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SYNOPSIS:

Yasmin the Explorer:  The book starts out with Yasmin’s dad telling her about explorers and maps.  Inspired, Yasmin decides to make her own map of the neighborhood, which gets really exciting when her mom asks her if she wants to join her on a shopping trip to the farmer’s market.  While they stop at different stalls and Yasmin adds to her map, the temptation of a playground draws Yasmin away from her mom, but luckily her map can guide her back.

Yasmin the Painter:  Yasmin’s school is having an art competition and Yasmin is nervous because she doesn’t consider herself a very good artist.  Her parents show her videos and gift her supplies.  Unhappy with how her attempts are turning out, she decides to find her own style and with the support of her parents she enters her painting and waits nervously to see who wins and what the mystery prize is.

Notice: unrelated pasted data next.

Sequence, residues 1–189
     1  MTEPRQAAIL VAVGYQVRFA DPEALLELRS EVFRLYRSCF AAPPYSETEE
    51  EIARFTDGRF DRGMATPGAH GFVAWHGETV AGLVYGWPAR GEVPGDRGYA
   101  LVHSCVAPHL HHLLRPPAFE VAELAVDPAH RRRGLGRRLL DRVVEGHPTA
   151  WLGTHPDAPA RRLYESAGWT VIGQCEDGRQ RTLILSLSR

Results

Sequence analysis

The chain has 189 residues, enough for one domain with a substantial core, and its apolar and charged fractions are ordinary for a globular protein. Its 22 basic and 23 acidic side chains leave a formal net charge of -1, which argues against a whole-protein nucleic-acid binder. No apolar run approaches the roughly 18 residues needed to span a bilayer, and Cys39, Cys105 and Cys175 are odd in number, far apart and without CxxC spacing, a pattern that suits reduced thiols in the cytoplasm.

Yasmin the Builder:  I think this story is my favorite because she really had to rely on herself when the class is building a city and Yasmin can’t figure out what to build.  She perseveres and works hard, and ends up connecting the dots and making the city come to life by finding a way to make her favorite part of the city, going for walks, a part of the class project.

Yasmin the Fashionista:  Mama and Baba have gone out for the evening, so Yasmin is hanging out with her grandparents.  When Nani and Yasmin play dress-up and Mama’s shirt gets ripped, Yasmin and Nani have to solve the problem!  Not only that, they get inspired to transform Yasmin’s pajamas, and when Mama and Baba come home they are treated to a fashion show!